Investing in leadership development
“We’re trying to achieve a legal department where high-performing and high-trust teams serve as business partners to support growth and innovation of 3M, as well as protecting the company and its reputation,” Fong says. Another Vital Few Project that helps them work to meet that goal is called Developing Legal Leaders.
“We worked with HR to create a legal competency model and career roadmap, which identifies the skills needed for every position at every level,” Fong says. “At the front end, we’re doing structured panel interviews to align our selection with those key competencies.” The 3M team has also worked to map the recruiting and onboarding process, and to identify areas for improvement.
3M is also committed to ongoing training and development for all professionals and at all career stages. For many years, they’ve had a “New Lawyer Academy,” which consists of an orientation, meeting people and instilling values and culture, and a structured curriculum. More recently, they’ve added an “advanced business course” for mid-level lawyers, which includes “intermediate finance and accounting, risk tolerance, communication, solution orientation, and executive presentation skills.” This year, the 3M team is expanding its formal training and development to include paralegals, patent agents and liaisons, and other administrative and operations professionals.
Fong’s leadership team also works to develop their leadership skills. In addition to periodic 360 surveys, they were the first law department leadership team to complete a “Return on Character” assessment, using KRW International’s program. Based on Dr. Fred Kiel’s book of the same title, the assessment is premised on the finding that high-character leadership teams lead organizations that are higher performing. “I’ve long believed that high-trust organizations are higher performing,” Fong explains, and “our work with KRW builds on that premise.”
Fong says that one important goal for the next year is keeping the department’s diversity program active. 3M participates in the Leadership Council on Legal Diversity, which includes active engagement by managing partners of large law firms as well as GCs of large companies. He describes his experience on the Council as a “terrific way to demonstrate our commitment to developing the next generation of diverse legal leaders.” The Council selects two fellows every year, who participate in a series of leadership development programs, which offers “a great opportunity to accelerate their development as leaders and network with their peers in the profession.”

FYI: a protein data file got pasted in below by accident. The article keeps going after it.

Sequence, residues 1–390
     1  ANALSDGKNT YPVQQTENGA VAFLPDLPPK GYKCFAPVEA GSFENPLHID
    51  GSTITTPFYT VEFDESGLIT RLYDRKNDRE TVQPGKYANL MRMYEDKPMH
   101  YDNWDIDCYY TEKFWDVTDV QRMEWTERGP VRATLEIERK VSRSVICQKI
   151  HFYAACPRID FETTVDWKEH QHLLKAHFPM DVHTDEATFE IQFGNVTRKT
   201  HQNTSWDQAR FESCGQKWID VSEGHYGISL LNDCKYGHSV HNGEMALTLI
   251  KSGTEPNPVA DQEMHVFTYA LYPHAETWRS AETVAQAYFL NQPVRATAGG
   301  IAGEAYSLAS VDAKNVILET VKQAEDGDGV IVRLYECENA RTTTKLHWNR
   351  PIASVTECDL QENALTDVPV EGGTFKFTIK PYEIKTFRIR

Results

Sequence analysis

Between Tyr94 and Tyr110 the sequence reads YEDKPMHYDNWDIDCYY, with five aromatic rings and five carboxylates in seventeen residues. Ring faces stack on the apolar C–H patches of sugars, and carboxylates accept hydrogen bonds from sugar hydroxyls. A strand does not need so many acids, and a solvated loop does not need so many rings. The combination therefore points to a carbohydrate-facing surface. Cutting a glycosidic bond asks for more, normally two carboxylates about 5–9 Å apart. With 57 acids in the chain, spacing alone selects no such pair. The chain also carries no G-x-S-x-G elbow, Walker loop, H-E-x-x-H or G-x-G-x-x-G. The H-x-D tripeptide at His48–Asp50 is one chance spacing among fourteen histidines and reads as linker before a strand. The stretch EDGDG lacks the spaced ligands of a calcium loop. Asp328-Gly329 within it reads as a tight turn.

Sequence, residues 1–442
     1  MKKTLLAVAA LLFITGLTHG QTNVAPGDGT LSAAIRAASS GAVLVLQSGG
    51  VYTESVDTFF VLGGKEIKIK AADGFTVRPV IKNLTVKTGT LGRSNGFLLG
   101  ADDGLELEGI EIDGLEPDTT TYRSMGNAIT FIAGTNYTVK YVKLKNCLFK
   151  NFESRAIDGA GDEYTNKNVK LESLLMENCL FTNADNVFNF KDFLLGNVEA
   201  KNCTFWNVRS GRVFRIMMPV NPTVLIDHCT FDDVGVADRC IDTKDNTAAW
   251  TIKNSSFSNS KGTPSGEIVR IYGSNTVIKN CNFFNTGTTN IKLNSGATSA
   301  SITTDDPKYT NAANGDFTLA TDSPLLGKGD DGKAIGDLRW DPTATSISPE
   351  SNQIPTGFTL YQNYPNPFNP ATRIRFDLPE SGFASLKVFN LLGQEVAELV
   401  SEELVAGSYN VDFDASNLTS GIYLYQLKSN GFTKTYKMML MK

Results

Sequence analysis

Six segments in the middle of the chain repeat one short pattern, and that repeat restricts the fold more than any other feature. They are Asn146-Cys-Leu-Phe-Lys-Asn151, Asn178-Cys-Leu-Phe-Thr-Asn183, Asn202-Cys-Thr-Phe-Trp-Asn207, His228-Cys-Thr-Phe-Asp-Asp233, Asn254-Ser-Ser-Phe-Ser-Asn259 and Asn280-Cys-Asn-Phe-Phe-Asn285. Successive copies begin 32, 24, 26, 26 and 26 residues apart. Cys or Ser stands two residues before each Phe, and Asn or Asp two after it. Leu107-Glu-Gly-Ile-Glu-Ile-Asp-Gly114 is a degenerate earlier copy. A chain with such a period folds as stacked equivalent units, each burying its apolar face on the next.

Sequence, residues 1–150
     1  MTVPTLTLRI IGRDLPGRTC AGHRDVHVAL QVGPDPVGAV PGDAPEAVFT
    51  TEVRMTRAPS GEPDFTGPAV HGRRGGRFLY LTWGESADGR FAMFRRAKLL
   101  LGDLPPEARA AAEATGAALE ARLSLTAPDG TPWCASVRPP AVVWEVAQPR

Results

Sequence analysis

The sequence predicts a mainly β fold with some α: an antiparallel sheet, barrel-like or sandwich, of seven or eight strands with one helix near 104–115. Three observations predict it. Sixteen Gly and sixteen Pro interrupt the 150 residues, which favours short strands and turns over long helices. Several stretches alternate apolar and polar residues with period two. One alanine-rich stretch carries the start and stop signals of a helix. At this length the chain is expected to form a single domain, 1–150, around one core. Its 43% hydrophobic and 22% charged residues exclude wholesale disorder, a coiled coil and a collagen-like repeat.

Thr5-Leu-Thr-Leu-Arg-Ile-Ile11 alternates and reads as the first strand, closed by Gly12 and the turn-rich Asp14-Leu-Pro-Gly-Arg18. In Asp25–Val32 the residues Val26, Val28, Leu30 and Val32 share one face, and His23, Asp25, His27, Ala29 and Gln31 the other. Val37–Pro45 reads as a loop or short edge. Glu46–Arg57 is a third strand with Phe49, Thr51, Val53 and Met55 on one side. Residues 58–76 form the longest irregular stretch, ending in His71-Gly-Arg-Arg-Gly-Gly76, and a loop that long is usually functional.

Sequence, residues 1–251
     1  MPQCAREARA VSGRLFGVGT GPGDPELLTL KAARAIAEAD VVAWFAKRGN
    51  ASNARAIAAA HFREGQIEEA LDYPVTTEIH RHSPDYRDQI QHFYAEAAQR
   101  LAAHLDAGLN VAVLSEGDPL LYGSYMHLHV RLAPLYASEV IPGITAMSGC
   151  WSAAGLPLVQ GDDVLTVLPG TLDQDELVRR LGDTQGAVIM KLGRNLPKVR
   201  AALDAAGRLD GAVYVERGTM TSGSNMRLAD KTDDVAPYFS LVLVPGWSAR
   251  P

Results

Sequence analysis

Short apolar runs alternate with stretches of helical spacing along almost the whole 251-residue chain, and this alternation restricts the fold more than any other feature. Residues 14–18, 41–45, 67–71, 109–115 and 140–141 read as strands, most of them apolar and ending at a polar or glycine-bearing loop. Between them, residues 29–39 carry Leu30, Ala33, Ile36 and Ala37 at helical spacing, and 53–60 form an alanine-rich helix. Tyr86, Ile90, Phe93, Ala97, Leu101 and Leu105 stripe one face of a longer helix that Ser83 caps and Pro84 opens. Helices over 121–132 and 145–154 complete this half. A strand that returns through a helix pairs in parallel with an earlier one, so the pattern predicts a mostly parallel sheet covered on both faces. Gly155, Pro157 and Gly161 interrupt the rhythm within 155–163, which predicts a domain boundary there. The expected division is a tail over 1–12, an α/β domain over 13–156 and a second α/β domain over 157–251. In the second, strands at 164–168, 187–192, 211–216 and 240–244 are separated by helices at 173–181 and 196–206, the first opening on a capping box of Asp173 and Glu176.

Other goals for the next year include launching a company-wide effort “to select and deploy a contract life cycle management program,” continuing to expand their pro bono efforts world-wide, and completing a second round refresh of 3M’s PCN.
If it seems like Fong’s legal department has a lot going on, it’s because “we never want to take for granted what we’re doing. We’re always looking for better ways to do things.” That continuous improvement mindset affects everything they do.
3M’s legal department enthusiastically embraces its culture of innovation, but Fong says that the legal services industry at large is still experiencing “incremental change at best,” despite “predict[ions] of disruption for many years.” The two disruptors that he believes are likely to cause “some change over the next five to 10 years” are groups that provide “highly efficient, low cost, high volume transactional work”—such as the 3M team in India—and technology. “AI software combined with natural language processing may allow us to one day perform simple ‘TurboTax-like’ legal functions,” he says. “But robots won’t be replacing in-house lawyers anytime soon.”
Fong points out that “humans have to continuously climb up the value chain to stay relevant.” And that’s what he’s doing with the legal department at 3M: innovating, continuously improving, and embracing new challenges and opportunities.